Saturday, August 06, 2011

Travel and taste

by Ana Valenzuela

Published Manila Standard Today

July 27, 2011

The Philippines has a rich culture, and this is reflected in our cuisine.

“The international media has long been saying Philippine cuisine is Asia’s best kept secret, so it’s time to discover the taste of Philippine flavor,” says Ryan Sebastian, project coordinator of the Department of Tourism during a recent tie-up of the DoT with the Center for Culinary Arts (CCA) in promoting Pinoy culinary delicacies.

With 7,107 islands, the Philippines is rich not only in marine and natural resources and seas but also in recipes. DoT is encouraging people not only to visit the sites and see the attractions, but to taste the food as well to really enjoy the Philippines.

“We have a lot of recipes including cooked or barbecued innards (like small intestines, heart and gizzard of chiken) which are popular treats among Pinoys and is also gaining popularity among foreign tourists. In cooking, we usually season it with the usual herbs and spices that we use at home (like onions, garlic, laurel leaves and black pepper),” says CCA instructor, Chef Ojie Reloj of Filipino food.

"Foreigners enjoy these treats because for them, it's like like being in a Fear Factor challenge that is taste--rewarding. These aren’t the only gastronomical fare that we can be proud of. There is also our popular Adobo and Lechon, which are doing really well in the international market,” adds Chef Reloj.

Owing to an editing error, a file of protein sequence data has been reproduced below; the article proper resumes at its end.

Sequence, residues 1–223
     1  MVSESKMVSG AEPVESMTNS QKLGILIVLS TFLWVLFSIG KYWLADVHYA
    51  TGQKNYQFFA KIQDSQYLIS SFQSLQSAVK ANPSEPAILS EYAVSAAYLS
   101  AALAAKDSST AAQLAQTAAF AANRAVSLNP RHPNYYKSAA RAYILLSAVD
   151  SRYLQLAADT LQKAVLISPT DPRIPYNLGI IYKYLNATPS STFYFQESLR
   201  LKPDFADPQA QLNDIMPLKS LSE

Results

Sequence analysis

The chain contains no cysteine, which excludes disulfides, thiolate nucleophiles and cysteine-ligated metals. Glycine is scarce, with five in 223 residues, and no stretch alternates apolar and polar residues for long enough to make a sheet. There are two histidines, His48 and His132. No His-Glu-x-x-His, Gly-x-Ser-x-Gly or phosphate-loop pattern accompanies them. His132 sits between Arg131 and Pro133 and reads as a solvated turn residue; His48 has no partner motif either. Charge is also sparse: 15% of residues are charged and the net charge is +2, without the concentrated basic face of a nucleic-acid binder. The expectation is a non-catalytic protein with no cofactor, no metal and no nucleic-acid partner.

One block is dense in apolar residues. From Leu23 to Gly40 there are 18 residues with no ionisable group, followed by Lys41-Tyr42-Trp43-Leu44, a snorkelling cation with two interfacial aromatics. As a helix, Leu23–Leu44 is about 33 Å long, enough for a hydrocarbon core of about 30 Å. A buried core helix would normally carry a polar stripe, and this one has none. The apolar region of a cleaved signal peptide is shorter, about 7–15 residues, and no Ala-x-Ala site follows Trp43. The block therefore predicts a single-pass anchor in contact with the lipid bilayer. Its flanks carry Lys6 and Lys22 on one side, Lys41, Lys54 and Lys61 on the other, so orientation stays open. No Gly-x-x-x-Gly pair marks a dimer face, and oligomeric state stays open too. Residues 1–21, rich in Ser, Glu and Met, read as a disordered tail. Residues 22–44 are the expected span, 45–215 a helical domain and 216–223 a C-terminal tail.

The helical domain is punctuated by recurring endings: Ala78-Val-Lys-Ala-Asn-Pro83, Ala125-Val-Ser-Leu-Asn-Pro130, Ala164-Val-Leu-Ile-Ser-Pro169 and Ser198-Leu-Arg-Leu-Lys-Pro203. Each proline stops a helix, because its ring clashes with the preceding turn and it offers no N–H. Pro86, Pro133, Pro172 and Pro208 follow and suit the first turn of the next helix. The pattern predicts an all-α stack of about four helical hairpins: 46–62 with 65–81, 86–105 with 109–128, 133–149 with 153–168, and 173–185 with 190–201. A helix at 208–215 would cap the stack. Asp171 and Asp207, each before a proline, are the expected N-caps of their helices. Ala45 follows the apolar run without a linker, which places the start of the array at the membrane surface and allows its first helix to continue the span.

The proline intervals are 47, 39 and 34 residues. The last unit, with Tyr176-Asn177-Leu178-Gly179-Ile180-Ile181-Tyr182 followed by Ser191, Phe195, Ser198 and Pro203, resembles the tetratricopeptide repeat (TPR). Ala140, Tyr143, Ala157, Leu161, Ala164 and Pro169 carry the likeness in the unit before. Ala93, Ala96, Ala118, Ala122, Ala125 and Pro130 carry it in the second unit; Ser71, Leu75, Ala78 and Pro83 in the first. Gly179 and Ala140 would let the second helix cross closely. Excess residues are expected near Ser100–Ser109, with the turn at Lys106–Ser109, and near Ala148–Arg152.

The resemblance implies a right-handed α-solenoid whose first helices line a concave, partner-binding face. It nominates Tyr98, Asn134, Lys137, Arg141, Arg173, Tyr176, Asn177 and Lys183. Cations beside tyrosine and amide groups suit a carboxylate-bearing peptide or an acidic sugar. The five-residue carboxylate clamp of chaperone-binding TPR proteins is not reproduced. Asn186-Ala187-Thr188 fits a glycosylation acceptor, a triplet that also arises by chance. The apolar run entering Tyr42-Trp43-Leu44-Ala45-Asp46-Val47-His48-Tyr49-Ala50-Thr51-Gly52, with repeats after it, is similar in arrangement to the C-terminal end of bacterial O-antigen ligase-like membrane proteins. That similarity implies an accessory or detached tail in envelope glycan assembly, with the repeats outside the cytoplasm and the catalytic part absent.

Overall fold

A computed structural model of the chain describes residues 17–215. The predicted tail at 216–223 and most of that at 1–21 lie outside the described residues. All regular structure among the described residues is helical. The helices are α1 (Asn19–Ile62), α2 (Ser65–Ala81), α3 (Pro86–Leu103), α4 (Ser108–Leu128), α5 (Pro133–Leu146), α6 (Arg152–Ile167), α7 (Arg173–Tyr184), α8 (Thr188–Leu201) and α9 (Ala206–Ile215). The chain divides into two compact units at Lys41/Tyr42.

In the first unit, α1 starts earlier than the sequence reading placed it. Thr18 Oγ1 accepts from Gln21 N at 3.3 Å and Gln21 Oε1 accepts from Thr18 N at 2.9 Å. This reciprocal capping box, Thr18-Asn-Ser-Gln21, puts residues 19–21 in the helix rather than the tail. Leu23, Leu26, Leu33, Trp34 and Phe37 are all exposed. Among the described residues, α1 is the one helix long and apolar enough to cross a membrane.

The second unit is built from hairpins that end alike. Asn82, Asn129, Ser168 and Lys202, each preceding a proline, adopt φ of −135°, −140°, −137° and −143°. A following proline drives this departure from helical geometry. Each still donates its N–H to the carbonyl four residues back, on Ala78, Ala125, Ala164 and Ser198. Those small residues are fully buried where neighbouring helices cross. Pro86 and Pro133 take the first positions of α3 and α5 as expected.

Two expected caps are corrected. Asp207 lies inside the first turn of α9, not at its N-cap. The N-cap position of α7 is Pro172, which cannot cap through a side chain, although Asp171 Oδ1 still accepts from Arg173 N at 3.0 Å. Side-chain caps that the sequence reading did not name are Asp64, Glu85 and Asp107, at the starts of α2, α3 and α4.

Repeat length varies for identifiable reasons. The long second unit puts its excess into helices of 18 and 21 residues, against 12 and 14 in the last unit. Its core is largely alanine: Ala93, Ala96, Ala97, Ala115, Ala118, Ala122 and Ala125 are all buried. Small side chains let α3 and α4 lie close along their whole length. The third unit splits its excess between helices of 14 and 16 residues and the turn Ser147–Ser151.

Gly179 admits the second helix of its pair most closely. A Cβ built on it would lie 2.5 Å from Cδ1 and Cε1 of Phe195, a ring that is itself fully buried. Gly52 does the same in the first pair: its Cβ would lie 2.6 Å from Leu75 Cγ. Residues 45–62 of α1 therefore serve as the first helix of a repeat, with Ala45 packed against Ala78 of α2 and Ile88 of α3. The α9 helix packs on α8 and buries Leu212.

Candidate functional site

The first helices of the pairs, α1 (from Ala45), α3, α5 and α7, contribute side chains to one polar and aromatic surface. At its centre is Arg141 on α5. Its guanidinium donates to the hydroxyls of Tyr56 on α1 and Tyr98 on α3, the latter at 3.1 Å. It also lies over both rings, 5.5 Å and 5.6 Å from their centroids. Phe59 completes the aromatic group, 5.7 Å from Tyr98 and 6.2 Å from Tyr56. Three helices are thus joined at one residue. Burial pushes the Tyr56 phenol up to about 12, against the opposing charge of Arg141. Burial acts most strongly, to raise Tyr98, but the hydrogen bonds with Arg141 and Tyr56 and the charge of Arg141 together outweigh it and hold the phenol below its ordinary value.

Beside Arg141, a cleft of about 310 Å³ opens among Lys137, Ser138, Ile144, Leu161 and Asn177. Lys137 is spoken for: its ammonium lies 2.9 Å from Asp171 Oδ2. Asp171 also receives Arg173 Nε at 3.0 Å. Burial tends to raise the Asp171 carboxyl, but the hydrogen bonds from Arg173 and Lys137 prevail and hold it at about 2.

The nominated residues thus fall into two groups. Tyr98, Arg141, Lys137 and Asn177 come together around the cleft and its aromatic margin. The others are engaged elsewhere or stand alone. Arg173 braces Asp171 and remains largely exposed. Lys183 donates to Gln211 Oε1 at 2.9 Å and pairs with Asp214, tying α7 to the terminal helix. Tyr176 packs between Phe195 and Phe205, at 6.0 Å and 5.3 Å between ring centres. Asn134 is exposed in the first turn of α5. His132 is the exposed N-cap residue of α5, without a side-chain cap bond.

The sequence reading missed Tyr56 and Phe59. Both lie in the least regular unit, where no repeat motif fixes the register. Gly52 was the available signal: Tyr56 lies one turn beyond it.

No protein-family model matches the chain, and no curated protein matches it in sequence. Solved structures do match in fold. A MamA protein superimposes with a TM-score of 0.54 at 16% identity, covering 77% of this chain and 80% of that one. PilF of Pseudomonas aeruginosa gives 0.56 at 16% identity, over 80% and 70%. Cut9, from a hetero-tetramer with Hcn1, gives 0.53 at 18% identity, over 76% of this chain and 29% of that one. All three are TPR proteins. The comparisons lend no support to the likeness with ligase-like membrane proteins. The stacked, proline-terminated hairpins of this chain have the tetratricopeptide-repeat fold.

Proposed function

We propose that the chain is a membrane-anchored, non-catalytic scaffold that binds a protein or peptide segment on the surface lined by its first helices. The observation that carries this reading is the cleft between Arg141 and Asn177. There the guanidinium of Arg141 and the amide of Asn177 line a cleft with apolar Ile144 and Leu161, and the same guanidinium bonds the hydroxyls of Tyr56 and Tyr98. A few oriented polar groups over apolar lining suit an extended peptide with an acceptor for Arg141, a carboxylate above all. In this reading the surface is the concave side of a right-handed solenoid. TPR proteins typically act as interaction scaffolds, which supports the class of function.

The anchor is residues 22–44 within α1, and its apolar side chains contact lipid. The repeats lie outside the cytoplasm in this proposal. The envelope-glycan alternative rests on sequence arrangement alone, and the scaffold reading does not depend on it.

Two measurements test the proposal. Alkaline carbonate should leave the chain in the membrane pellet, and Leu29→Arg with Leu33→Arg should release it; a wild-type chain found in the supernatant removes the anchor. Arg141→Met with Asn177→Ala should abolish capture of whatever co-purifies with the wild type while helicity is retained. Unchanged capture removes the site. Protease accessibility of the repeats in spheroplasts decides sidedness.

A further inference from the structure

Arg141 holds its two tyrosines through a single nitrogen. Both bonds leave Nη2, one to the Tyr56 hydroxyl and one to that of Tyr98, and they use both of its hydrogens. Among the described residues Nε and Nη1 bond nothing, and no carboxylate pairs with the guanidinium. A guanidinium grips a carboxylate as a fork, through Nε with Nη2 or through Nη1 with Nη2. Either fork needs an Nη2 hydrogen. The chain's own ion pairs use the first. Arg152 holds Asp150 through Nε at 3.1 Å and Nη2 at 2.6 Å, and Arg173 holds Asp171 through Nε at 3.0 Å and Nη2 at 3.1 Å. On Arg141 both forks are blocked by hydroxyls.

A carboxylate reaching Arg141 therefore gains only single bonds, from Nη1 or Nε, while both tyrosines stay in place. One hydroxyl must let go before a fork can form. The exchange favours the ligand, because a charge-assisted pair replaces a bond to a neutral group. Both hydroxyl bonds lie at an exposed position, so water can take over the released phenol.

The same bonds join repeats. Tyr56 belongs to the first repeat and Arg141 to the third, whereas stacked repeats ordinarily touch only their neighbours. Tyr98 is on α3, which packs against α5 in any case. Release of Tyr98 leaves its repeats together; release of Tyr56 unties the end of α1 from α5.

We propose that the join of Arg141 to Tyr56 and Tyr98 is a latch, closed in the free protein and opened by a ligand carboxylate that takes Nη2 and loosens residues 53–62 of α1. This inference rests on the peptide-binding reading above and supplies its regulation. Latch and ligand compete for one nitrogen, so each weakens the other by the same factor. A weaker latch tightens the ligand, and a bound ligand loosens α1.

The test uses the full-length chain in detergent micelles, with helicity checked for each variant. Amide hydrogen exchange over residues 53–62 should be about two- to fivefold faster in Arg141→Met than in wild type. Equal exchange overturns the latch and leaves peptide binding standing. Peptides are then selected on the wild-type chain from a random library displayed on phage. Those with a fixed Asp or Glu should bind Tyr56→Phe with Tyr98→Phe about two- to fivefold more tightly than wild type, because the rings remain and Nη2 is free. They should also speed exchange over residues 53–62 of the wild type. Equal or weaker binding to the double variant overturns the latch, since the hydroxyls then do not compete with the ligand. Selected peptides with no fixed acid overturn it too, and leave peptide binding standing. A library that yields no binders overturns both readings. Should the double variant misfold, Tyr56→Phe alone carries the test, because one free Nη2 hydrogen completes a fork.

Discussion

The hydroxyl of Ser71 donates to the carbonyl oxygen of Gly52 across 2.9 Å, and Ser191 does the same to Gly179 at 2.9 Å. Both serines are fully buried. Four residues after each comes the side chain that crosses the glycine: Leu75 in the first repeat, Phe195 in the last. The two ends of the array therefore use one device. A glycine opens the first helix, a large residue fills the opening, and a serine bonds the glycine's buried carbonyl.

What also makes Filipino recipes special is that it doesn’t have only one interpretation. This is evident in the different variations of adobos, sinigangs, pancit, and other dishes that we have grown to love. Chef Ojie even related that he would go as far as Cebu just so he could eat their lechon, even if there are numerous lechon outlets in metro Manila. What's more a dish may be interpreted in several different ways depending on the region.

For example, Chef Ojie shares, the La Paz Batchoy he grew up with in Manila is quite different from the original one. “I grew up with a family of food lovers and cooks. I grew up eating a version of La Paz Batchoy that does not have any noodles. But, when I went to Bacolod, Iloilo, that’s where I realized that they put noodles in it, the miswa. It is an entirely different-clear soup. They just put certain veggies, like kutchay. Per region, they have their own interpretation,” he says.

For foreigners or balikbayans wanting to learn to cook the dishes that have left them in awe, CCA offers a half day course. “One thing nice about the CCA is their facility is within the market. So that tourist would familiarize themselves with the ingredients needed on how to cook as they have already seen for themselves the available ingredients,” notes Ryan.

“Ten to 15 years ago, what was being served to foreigners were continental dishes.Now they when there is awareness, they now serve the likes of danggit, tinapa in a buffet breakfast. Now everybody is aware, that what they should serve is unique,“ says Ryan.

Seems like, more and more people are uncovering the secret that is Philippine cuisine. They have not only seen the sights, strolled in the beaches, swam in the seas, gained new friends, but also savoured a unique Pinoy travel experience as they’ve tasted our local dishes.

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